Non-porcelain tiles are generally made from red or white clay fired in a kiln. They are almost always finished with a durable glaze which carries the color and pattern. These tiles are used in both wall tile and floor tile applications, are softer and easier to cut than porcelain, and usually carry a PEI 0 to 3 rating. Non-porcelain ceramic tiles are usually suitable for very light to moderate traffic and usually have a higher water absorption rating. This makes them less frost resistant and more prone to wear and chipping than porcelain tiles.
Porcelain tile is generally dust pressed from porcelain clays, resulting in a dense, impervious, fine grained, smooth tile with a sharply formed face. Porcelain tiles usually have a much lower water absorption rate (less than 0.5%) than non-porcelain tiles making them frost resistant or frost-proof. Glazed porcelain tiles are much harder and more wear and damage resistant than non-porcelain ceramic tiles. This makes them suitable for any application from light traffic to the heaviest residential or light commercial traffic. Full body porcelain tiles carry the color and pattern through the entire thickness of the tile making them virtually impervious to wear and are suitable for any application from residential to the highest traffic commercial or industrial applications. Porcelain tiles are available in matte, unglazed or a high polished finish.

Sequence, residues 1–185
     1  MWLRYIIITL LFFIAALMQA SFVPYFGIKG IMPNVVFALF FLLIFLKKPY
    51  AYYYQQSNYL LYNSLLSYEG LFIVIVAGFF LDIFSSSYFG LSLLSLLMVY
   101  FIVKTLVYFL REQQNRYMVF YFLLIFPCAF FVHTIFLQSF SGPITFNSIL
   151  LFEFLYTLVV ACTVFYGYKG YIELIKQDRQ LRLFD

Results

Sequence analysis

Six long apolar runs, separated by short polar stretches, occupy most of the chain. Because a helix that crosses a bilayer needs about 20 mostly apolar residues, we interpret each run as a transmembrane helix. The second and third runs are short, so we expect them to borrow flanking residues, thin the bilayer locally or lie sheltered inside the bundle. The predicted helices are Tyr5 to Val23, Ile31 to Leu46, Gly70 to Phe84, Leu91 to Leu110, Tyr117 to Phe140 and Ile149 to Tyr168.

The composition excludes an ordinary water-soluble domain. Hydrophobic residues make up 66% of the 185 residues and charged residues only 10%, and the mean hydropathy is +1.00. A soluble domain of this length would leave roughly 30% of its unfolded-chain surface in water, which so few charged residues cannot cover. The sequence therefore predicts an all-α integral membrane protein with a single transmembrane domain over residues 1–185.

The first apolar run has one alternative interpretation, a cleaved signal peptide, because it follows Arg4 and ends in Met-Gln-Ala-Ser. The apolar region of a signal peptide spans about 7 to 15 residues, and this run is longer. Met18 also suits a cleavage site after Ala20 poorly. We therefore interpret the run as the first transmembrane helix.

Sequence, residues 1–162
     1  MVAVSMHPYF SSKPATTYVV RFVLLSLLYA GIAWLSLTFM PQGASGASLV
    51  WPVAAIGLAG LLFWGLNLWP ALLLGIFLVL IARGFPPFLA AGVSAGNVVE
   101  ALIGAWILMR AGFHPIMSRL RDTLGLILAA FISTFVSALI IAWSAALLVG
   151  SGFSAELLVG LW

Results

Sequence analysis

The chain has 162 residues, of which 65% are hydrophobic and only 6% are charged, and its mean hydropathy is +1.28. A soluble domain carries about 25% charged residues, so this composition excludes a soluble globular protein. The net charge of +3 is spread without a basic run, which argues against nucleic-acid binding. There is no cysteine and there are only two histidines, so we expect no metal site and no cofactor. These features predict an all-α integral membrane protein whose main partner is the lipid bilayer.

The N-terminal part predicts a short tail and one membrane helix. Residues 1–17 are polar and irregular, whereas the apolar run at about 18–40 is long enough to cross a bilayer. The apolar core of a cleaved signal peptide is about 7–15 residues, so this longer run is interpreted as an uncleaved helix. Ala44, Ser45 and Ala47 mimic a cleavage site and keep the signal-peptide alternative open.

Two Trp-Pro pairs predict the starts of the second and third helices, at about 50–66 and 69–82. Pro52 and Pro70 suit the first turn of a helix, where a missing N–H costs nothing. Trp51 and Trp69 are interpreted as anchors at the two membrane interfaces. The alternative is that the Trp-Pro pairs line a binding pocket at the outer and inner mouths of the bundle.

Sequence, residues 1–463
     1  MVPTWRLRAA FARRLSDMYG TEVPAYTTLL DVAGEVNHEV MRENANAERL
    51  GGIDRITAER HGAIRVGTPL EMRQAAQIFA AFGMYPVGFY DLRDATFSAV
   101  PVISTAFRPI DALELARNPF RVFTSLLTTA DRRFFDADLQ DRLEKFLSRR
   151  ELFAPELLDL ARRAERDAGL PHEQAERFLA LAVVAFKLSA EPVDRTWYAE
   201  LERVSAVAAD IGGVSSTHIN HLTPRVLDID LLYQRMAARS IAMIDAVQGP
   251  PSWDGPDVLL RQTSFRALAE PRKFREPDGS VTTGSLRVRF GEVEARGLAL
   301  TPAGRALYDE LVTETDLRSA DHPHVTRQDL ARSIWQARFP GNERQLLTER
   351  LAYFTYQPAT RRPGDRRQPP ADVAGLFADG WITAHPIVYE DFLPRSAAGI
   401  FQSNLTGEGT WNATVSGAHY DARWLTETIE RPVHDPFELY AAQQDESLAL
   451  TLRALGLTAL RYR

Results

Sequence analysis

Where can your tiles be used and what is a PEI rating?
PEI classes range from 0 to 5. The Porcelain Enamel Institute rating scale is not a measurement of quality. It is a scale that clearly indicates the areas of use each manufacturer recommends and has designed their tile to fit. A PEI 2 tile has been designed for areas where very low traffic and soiling is anticipated. In most cases the aesthetic detailing of these tiles is of prime consideration. You will often find high gloss levels, vibrant colorations and metallic elements in this group of tile. Conversely, a PEI 5 tile has been designed for abusive extra heavy foot traffic. The technical aspects such as surface abrasion resistance will be considered and must be achieved first before aesthetic effects are incorporated.